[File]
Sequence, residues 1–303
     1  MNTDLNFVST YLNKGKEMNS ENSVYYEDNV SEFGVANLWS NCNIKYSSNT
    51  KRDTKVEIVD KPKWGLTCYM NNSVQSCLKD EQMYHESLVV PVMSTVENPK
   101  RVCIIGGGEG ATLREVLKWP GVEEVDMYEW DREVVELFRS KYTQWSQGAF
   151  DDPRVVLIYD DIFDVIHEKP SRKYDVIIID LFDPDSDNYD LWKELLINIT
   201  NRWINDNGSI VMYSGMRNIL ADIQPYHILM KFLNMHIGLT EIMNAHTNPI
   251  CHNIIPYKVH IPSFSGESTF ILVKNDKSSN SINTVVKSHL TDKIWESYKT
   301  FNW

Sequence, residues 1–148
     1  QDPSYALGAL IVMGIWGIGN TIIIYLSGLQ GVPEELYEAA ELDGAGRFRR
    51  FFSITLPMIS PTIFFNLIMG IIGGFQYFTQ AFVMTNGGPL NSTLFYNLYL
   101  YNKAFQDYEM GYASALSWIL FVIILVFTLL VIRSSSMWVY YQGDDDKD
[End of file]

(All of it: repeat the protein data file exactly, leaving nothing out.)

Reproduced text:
Sequence, residues 1–303
     1  MNTDLNFVST YLNKGKEMNS ENSVYYEDNV SEFGVANLWS NCNIKYSSNT
    51  KRDTKVEIVD KPKWGLTCYM NNSVQSCLKD EQMYHESLVV PVMSTVENPK
   101  RVCIIGGGEG ATLREVLKWP GVEEVDMYEW DREVVELFRS KYTQWSQGAF
   151  DDPRVVLIYD DIFDVIHEKP SRKYDVIIID LFDPDSDNYD LWKELLINIT
   201  NRWINDNGSI VMYSGMRNIL ADIQPYHILM KFLNMHIGLT EIMNAHTNPI
   251  CHNIIPYKVH IPSFSGESTF ILVKNDKSSN SINTVVKSHL TDKIWESYKT
   301  FNW

Sequence, residues 1–148
     1  QDPSYALGAL IVMGIWGIGN TIIIYLSGLQ GVPEELYEAA ELDGAGRFRR
    51  FFSITLPMIS PTIFFNLIMG IIGGFQYFTQ AFVMTNGGPL NSTLFYNLYL
   101  YNKAFQDYEM GYASALSWIL FVIILVFTLL VIRSSSMWVY YQGDDDKD